and give them a good mix.
Pour the marinade in a zip lock bag and put in the beef slices. Give the bag a good massage for the marinade to spread evenly. Put the bag in the fridge from 30 minutes to 2 hours. Don’t let the beef marinate too long or the ginger will get fermented in hoisin sauce and have a wet smell. It’s not that the wet smell is offensive but we want our dish, especially the beef, to have that spectacular fresh fragrance, the kind that lifts you up and sets your hunger radar on alert.
The actual cooking part:
When the beef is marinated enough, then comes the cooking part.
- Boil the noodles on high heat for 5 minutes then run cold water on them to stop the cooking process. Put them on a drainer to dry. Use scissors to cut the noodles short, about 8 cm long should be good to go.
- On medium-high heat, put in 1 tablespoon of vegetable oil in the wok. When the oil is heated, stir-fry the marinated beef for 2 minutes.You will notice the beef produces water/sauce, this is what I want for this dish. Set the water/sauce aside along with the beef.
- Back to the used wok, put in 1 tablespoon of oil and throw in the tomato cubes along with onion slices. By now you can add a pinch of salt to help them cook faster.
- After 3 minutes, add the chopped pak choy and 1 tablespoon of oyster sauce. Stir constantly for 5 minutes. Next add the mung bean sprouts and stir for 2 minutes. If you find the veggies are closed to burning, pour in the sauce gotten from stir-fried beef that we set aside earlier. It should solve that problem. Then come the boiled noodles, the chopped coriander and 2 tablespoons of soy sauce along with a pinch of salt. With the noodles now in the wok, we mix all the ingredients together. This is the Japchae influence. When the noodles and soy sauce mix well together, put in the stir-fried beef and mix again for half a minute. This is when our hybrid dish is done.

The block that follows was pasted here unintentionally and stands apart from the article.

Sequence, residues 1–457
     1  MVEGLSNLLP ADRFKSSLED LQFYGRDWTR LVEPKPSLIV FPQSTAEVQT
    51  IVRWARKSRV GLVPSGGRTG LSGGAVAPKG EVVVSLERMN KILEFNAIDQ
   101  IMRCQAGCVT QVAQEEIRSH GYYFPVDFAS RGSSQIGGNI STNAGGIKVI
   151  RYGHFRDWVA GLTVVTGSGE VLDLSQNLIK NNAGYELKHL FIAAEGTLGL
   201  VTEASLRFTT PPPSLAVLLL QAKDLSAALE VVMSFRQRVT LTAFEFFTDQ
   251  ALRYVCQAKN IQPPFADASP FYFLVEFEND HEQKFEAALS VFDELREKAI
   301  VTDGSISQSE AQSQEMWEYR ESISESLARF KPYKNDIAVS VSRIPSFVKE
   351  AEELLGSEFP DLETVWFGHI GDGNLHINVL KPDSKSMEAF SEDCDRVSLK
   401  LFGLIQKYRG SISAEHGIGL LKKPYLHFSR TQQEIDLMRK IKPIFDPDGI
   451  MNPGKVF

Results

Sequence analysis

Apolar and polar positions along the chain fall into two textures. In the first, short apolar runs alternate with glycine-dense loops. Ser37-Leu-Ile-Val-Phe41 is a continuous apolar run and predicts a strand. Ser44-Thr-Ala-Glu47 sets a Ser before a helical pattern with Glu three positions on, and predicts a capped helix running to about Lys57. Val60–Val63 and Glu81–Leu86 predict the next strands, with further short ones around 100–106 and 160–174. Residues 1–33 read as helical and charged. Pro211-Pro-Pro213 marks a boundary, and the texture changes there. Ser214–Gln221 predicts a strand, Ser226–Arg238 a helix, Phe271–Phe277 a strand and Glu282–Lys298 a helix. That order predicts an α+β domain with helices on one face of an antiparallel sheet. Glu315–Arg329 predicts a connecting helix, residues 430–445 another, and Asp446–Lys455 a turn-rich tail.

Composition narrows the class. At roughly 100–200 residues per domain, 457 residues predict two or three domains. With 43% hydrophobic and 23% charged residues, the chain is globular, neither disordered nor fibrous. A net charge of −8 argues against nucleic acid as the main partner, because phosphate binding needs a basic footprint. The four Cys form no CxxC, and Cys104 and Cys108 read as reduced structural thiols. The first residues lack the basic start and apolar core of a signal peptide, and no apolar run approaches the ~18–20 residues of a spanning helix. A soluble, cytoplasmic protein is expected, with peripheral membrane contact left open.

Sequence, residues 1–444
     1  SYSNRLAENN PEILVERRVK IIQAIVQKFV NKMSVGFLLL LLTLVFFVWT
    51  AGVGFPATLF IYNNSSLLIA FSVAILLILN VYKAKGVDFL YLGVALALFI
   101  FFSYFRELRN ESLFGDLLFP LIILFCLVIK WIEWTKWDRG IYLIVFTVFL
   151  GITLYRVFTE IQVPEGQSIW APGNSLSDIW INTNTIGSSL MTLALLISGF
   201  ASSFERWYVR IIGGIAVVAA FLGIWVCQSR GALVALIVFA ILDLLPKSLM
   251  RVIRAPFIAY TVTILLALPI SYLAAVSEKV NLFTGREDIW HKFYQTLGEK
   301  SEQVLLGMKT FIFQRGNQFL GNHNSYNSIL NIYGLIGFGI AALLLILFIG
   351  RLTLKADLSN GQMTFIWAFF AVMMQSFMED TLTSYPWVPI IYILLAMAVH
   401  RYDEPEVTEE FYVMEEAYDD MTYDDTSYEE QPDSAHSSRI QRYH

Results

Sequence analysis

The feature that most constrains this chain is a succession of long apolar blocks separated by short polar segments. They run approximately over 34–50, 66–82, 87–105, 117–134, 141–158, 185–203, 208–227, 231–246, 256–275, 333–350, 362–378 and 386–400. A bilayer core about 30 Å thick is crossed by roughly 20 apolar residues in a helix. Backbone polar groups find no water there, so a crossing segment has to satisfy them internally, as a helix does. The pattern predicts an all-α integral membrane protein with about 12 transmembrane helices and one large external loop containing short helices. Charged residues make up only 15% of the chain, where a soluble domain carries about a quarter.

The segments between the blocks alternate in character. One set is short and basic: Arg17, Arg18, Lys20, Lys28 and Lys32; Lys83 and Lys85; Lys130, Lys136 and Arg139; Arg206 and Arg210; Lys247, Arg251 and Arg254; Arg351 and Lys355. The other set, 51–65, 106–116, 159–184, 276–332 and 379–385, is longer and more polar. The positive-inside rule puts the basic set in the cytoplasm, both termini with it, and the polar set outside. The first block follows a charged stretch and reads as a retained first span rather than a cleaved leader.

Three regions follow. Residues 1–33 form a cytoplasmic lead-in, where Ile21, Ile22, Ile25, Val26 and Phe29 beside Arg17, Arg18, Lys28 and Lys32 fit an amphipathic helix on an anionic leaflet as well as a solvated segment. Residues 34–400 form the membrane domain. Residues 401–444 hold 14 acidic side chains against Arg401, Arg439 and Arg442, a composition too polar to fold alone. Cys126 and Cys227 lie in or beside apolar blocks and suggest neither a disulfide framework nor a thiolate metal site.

You will notice the tomato cubes melt and serve as a sauce base for the dish. If you want to have slices of tomato for decoration purpose, just set some slices aside and add them in at the last 2 minutes.
If you can’t find hoishin sauce or if you don’t like its smell or taste, you can leave it out.
You can use a wok or a pan to stir-fry. Always stir-fry the beef separately from the veggies and noodles as the stir-fried beef will produce water and stop the veggies to be stir-fried properly.
Stir-fried dish must be done on medium-high to high heat to prevent lots of water leaking out from veggies. If you find the veggies are about to be burned, add the sauce from stir-fried beef like I showed you earlier or water. When it comes to the mixing part, you can lower the heat to medium.
As you can see, this dish takes about 45 minutes to prepare (including the 30 minutes of marinating beef) and provides much-needed veggies in autumn. It is also a light dish and so is perfect for dinner when you come home from work and don’t have much time to cook. This Asian stir-fried noodles dish is best to serve immediately when it’s still hot. A bit of a warning though: don’t expect to have any left-over when you make this dish for your guests.
Cover photo: Thao Uyen
A melting pot experience, in more than one way. Welcome to our Epicurean adventure!